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It was not immediately clear Thursday how the McQueen company would move forward without its namesake founder and creative director. A Gucci Group spokeswoman said the company was not making any business-oriented or forward-looking statements. Balenciaga designer Nicolas Ghesquière recalled that he arrived at Gucci Group around the same time as McQueen. “I always had a big respect for his talent. My thoughts are with his family and his colleagues,” he said.
“Lee was a fashion genius. I don’t say that lightly, and it is a total shock that I am referring to him in the past tense,” said Stella McCartney, whose London-based fashion house is a joint venture with Gucci Group. “He was a real friend. I will miss him as a mate, a peer, and as a true British talent, full of life and energy in everything he ever did.”
“I have always admired Lee,” said Gucci creative director Frida Giannini. “He had a way of approaching fashion — both as a tailor and as an inventor — that was all his own. He was an enormous talent whose creative genius will forever remain in the history of fashion.”
The son of a taxicab driver and self-described “big mouth East English yob,” McQueen rose to the highest peaks of the fashion world. Ignited with his seminal and controversial Highland Rape collection of 1995, cobbled together with remnants from fabric shops, McQueen’s talent attracted the attention of Europe’s biggest luxury titans. In 1996, Bernard Arnault, chairman of LVMH Moët Hennessy Louis Vuitton, tapped the then-27-year-old wunderkind to awaken Givenchy, one of the most storied names in French fashion, where he succeeded Galliano, who Arnault had shifted to Christian Dior. McQueen wrestled with the decision whether to take the Givenchy job, but eventually saw the opportunity it gave him to increase his expertise and raise his profile. Nonetheless, after five years at Givenchy, he eventually would have a major falling out with Arnault, at one stage even turning up to a press event wearing a Gucci hat.
Marion Greenberg, owner of Marion Greenberg Inc., who represented Givenchy before and during the McQueen era, recalled, “He [McQueen] was just coming off the success of his own label. He was a force. “I think he did have an addictive personality. He might have had some issues. He was so talented. The whole Givenchy thing was so complicated. I worked with John [Galliano] and they were grooming him for Dior. They brought in Alexander McQueen and he was really raw. He was very gutsy. He cared so much, and his manner was wild. He was outrageous,” she said.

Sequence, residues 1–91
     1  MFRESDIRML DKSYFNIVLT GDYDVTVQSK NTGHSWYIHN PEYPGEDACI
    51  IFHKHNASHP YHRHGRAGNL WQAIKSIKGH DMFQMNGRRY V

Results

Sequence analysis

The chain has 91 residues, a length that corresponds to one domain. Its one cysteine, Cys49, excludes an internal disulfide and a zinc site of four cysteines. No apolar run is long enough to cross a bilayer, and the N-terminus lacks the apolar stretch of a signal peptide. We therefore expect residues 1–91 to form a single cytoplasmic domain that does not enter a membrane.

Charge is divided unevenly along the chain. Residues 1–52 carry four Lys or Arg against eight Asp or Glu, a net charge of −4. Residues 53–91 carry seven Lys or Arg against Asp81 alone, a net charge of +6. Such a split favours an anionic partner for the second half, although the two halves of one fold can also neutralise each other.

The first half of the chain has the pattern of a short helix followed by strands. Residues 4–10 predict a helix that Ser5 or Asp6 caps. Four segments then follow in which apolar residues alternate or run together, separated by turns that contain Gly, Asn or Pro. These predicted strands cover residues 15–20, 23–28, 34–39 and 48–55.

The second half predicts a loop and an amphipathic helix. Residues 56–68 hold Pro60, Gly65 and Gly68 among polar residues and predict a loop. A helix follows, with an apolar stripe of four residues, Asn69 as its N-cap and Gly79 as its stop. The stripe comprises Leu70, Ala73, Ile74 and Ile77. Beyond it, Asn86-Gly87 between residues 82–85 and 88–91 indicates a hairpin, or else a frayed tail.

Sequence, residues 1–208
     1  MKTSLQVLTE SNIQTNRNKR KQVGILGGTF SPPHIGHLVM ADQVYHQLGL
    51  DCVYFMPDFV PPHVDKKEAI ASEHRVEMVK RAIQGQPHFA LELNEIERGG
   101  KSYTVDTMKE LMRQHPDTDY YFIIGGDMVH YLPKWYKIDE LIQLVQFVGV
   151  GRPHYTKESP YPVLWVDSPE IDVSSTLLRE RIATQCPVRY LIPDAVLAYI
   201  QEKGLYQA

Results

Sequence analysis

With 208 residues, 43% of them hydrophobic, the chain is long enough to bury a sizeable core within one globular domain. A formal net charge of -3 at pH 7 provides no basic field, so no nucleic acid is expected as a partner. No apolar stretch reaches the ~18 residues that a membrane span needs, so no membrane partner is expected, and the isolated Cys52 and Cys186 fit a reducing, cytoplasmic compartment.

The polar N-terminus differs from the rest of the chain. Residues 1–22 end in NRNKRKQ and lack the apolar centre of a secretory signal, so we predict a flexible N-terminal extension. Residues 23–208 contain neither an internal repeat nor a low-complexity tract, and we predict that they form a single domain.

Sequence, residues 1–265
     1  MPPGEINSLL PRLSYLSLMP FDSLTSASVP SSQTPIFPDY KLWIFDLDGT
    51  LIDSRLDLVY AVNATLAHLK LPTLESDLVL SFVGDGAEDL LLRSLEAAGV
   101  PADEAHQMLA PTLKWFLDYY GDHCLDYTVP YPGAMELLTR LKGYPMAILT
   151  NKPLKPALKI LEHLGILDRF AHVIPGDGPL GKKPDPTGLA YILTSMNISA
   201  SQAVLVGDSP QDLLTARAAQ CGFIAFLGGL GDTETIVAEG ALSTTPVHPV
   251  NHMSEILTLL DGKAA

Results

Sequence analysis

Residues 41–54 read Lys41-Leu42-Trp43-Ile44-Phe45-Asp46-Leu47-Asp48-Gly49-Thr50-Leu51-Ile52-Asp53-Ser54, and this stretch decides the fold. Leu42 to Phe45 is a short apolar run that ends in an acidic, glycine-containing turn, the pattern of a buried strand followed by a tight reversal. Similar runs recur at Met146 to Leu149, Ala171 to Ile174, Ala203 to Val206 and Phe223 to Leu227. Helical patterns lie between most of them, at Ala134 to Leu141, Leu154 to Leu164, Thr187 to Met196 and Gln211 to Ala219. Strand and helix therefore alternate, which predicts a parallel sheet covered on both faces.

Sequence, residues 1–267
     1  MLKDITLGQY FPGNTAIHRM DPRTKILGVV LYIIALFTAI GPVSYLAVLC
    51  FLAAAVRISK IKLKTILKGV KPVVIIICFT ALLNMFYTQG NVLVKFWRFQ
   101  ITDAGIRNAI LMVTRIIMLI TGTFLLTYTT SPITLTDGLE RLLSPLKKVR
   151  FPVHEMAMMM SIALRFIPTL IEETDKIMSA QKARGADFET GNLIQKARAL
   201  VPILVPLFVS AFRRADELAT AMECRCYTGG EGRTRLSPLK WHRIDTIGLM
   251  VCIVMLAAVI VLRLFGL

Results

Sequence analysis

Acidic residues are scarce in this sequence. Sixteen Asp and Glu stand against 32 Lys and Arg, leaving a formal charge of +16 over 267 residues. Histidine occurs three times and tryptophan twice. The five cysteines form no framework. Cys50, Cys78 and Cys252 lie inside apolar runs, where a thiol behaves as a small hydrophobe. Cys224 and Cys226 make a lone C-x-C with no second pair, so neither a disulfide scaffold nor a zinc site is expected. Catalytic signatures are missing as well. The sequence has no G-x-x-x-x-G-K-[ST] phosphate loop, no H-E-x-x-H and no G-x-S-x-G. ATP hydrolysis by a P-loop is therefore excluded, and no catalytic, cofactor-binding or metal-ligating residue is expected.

Greenberg said at times, McQueen went missing and she had to go find him. Often he would be located in New York at Miguel Adrover’s apartment, where he sometimes stayed. Adrover recalled, “He was with me at my home [in Majorca] when he got the contract for Givenchy.” McQueen rented a house in Majorca for two months every summer for about three years. “He was a very strong person, but at the same time very weak. When he’d come to New York, he’d be staying at the Four Seasons, but he’d spend the whole week with me in my basement,” said Adrover, who used to go to London three weeks before McQueen’s show and help him do research. “I learned from him a lot about the industry, the pressure, the creativity and being very true to yourself. He’s really like the person who changed the Nineties for me. Without him, London is nothing. He made London and made it really powerful. His presentations were not just about clothing. He made dreams come true and nightmares come true,” said Adrover.
McQueen’s tenure at Givenchy was a rocky one. His eclectic collections — space aliens one season, rockabilly the next — failed to galvanize the house, and the designer was often vocal about his discontent with large corporations and commercial fashion. However, the exposure to the capabilities of a French couture atelier would have a lasting impact on his business, with garments in his recent ready-to-wear shows resembling couture in workmanship and price, usually made-to-order.
LVMH’s rival, Gucci Group, then led by Domenico De Sole and Tom Ford, swept in in 2000 and bought a 51 percent stake in McQueen’s company, setting the stage for expansion via signature boutiques in London, New York, Los Angeles and Milan; a secondary line called McQ licensed to Italy’s SINV; men’s wear and leather goods, and collaborations with brands including Puma and Samsonite. (A McQ presentation slated to take place Thursday afternoon in New York was canceled.)
The designer was showered with accolades throughout his career. McQueen won the British Fashion Awards’ British Designer of the Year four times and won the Men’s Wear Designer of the Year award in 2004. In 2003, he received the CFDA Award for Best International Designer and was honored with a CBE from Queen Elizabeth II for his services to the fashion industry.